Decades of globalization have fundamentally reshaped global trade. Deeper economic integration has not only led to increased access to foreign markets but also increased interdependence.
This project focuses on the relations between the Baltic countries and Sweden. Baltic independence has been surprisingly important for small and medium-sized enterprises (SMEs) in Sweden. Until the early 1990s, foreign direct investment (FDI) – in particular FDI aiming to access cheap labour – was primarily limited to the largest firms. The potential low cost destinations were located far away from Sweden, e.g. in East Asia, and few SMEs had the capacity to manage production activities in distant markets. With the creation of new low cost locations on the shores of the Baltic Sea, it became feasible also for small Swedish firms to consider FDI as way to lower production costs and raise competitiveness.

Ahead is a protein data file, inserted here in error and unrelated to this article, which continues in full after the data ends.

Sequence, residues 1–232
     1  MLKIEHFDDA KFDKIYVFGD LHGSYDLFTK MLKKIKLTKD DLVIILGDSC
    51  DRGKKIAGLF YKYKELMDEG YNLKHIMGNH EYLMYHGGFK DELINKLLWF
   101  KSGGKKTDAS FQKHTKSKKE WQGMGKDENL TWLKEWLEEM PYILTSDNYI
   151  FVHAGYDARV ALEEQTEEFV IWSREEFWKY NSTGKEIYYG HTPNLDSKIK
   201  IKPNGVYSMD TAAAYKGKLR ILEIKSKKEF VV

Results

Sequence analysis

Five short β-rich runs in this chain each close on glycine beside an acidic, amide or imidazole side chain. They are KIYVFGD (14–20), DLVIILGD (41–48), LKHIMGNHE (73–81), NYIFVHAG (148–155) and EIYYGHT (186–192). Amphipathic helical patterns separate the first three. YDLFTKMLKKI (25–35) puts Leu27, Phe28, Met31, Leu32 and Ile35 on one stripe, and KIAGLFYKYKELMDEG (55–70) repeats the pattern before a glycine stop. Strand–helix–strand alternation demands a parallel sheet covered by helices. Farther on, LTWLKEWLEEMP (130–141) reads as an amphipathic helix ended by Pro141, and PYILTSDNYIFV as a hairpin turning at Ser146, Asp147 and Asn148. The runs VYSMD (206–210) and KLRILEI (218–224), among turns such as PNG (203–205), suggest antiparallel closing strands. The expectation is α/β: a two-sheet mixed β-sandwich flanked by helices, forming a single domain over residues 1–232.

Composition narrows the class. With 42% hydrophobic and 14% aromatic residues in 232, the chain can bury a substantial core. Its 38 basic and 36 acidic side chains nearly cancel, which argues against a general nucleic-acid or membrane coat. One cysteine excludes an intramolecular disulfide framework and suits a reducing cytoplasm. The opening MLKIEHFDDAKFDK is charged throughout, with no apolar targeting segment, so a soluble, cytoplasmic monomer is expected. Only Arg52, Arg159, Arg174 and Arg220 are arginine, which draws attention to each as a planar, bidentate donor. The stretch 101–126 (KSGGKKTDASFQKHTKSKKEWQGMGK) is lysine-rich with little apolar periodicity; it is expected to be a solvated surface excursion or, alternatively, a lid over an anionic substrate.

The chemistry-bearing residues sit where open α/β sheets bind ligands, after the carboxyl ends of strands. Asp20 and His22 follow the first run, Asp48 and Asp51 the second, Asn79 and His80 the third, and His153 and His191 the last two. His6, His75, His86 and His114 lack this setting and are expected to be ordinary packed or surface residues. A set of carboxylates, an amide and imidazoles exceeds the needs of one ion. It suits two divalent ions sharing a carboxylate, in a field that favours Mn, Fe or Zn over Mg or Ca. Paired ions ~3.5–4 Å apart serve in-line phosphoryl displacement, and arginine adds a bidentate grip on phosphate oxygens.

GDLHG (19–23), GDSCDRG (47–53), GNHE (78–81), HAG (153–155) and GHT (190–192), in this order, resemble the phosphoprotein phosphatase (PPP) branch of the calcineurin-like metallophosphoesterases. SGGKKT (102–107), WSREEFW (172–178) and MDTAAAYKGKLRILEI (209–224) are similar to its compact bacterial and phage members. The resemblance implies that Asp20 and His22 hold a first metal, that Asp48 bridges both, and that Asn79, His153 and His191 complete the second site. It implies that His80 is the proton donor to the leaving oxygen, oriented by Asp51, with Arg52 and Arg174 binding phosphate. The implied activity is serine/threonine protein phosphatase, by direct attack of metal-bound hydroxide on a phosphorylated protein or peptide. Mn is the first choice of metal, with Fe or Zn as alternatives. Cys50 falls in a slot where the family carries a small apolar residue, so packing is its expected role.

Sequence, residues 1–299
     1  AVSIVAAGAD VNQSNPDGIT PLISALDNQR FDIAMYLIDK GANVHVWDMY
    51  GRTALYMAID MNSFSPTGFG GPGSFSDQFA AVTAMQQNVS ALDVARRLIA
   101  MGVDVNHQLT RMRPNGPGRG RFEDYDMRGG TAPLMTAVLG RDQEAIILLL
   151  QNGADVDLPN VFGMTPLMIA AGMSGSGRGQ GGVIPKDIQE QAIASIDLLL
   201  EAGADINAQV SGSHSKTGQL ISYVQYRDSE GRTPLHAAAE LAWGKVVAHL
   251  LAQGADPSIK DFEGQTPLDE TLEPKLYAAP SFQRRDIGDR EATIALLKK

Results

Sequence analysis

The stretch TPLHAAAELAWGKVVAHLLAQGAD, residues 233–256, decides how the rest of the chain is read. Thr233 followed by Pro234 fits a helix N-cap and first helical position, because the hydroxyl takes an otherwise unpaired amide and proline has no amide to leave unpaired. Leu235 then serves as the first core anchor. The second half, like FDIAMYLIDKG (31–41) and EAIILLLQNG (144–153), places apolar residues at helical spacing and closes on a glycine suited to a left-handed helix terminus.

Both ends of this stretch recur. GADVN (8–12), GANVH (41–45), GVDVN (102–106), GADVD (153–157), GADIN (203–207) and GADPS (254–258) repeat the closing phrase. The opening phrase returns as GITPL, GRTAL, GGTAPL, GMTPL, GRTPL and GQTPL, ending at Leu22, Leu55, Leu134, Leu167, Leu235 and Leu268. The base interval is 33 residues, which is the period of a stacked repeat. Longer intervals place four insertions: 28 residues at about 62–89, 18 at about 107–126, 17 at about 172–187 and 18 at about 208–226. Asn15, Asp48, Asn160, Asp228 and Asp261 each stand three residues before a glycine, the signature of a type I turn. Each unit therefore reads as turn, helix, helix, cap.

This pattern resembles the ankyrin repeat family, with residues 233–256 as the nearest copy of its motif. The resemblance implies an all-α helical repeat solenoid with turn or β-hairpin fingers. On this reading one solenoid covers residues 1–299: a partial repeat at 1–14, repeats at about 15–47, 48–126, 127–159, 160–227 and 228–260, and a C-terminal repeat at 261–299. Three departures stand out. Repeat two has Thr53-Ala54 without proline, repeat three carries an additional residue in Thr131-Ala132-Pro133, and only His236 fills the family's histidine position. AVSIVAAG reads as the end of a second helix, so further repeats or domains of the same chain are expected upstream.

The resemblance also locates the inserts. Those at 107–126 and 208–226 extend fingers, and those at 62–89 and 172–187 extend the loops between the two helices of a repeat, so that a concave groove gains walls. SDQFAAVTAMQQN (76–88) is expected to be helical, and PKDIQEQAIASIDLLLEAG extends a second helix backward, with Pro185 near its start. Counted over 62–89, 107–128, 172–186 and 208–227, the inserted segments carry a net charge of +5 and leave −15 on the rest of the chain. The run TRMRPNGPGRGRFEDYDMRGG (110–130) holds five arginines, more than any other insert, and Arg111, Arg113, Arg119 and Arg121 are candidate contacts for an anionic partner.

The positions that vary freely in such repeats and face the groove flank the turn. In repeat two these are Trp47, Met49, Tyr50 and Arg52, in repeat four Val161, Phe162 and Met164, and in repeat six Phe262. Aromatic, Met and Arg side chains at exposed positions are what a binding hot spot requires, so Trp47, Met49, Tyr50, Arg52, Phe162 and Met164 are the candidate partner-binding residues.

Estonia became the main Baltic investment location for Swedish firms in the 1990s, and Sweden is today the single largest foreign investor in Estonia. The investment relation has generated strong links between the countries, with significant positive effects for both partners. Estonia is not only an important low cost location, but also a natural stepping stone for other foreign markets. In a similar way, Sweden is a spring board for Estonian firms with an ambition to internationalize. In addition, Swedish FDI has had an impact on technological progress and economic growth in Estonia through various kinds of spillovers and externalities. The current research project analyses these processes in the following work packages:
• Swedish firms in Estonia
What role does the Baltic region (Estonia) play for the performance, home country operations, and internationalization of Swedish SME? How have Swedish firms adjusted to the gradual changes (and crises) in the Estonian economy?